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Language, Music, and the BrainA Mysterious Relationship$
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Michael A. Arbib

Print publication date: 2013

Print ISBN-13: 9780262018104

Published to MIT Press Scholarship Online: May 2015

DOI: 10.7551/mitpress/9780262018104.001.0001

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Sharing and Nonsharing of Brain Resources for Language and Music

Sharing and Nonsharing of Brain Resources for Language and Music

(p.329) 14 Sharing and Nonsharing of Brain Resources for Language and Music
Language, Music, and the Brain

Aniruddh D. Patel

The MIT Press

Several theoretical and practical issues in cognitive neuroscience motivate research into the relations of language and music in the brain. Such research faces a puzzle. Currently, evidence for striking dissociations between language and music coexists with evidence for similar processing mechanisms (e.g., Peretz 2006; Patel 2008). The intent of this chapter is to initiate a dialog about how such conflicting results can be reconciled. Clearly, a coherent picture of language-music relations in the brain requires a framework that can explain both kinds of evidence. Such a framework should also generate hypothesis to guide future research. As a step toward such a framework, three distinct ways are put forth in which language and music can be dissociated by neurological abnormalities, yet have closely related cortical processing mechanisms. It is proposed that this relationship can occur when the two domains use a related functional computation and this computation relies on (a) the same brain network, but one domain is much more robust to impairments in this network than the other, (b) the interaction of shared brain networks with distinct, domain-specific brain networks, or (c) separate but anatomically homologous brain networks in opposite cerebral hemispheres. These proposals are used to explore relations between language and music in the processing of relative pitch, syntactic structure, and word articulation in speech versus song, respectively. Published in the Strungmann Forum Reports Series.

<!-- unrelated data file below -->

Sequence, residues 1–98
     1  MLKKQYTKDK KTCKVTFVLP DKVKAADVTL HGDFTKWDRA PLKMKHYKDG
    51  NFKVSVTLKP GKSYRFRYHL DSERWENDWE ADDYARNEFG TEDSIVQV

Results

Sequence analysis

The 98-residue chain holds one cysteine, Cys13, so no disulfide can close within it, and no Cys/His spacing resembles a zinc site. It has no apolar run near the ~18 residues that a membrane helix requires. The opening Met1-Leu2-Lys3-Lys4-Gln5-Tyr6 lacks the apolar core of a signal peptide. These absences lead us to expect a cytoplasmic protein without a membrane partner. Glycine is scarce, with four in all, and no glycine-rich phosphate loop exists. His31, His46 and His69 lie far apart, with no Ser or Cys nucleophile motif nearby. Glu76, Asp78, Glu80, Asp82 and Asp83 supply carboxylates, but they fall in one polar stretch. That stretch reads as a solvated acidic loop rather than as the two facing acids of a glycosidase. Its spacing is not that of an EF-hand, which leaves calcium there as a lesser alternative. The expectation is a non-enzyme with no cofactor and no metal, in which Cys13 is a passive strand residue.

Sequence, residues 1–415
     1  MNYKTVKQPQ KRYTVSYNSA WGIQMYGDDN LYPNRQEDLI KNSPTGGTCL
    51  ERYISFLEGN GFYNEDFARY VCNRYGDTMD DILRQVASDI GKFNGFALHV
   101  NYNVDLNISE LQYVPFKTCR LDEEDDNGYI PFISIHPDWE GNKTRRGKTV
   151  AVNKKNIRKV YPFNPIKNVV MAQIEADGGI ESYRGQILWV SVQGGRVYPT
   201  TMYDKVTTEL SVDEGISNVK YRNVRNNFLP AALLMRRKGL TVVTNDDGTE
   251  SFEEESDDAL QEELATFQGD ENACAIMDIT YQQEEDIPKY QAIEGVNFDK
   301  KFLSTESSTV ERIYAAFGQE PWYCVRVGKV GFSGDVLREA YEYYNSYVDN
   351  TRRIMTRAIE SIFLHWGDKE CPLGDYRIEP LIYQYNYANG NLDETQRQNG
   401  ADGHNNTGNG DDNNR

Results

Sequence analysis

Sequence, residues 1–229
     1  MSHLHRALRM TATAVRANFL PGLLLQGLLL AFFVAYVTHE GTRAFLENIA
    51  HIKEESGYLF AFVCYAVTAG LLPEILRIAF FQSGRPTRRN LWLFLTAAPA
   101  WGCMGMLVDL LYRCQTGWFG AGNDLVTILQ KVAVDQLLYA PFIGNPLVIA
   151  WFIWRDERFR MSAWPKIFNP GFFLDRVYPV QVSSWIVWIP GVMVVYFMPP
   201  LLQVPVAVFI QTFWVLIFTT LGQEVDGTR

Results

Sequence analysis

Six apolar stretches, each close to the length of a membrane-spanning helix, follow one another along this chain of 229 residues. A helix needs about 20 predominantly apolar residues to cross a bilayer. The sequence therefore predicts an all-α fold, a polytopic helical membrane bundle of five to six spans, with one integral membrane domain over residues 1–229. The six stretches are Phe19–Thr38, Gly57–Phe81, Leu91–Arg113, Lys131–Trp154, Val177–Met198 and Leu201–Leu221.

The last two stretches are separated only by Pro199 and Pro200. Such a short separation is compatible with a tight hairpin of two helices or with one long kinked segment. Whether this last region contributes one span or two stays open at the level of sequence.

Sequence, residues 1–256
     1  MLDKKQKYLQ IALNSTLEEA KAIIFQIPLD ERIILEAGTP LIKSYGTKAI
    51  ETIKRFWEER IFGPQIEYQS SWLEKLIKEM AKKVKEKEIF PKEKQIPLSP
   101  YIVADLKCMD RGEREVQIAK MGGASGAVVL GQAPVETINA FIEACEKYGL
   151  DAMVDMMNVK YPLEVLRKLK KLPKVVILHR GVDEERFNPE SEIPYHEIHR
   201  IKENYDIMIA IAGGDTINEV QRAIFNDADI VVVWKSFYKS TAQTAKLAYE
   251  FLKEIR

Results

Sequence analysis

Keywords:   language–music relations in the brain, neuralmechanisms of music, neural mechanisms of speech, song, relative pitch, syntactic structure, word articulation

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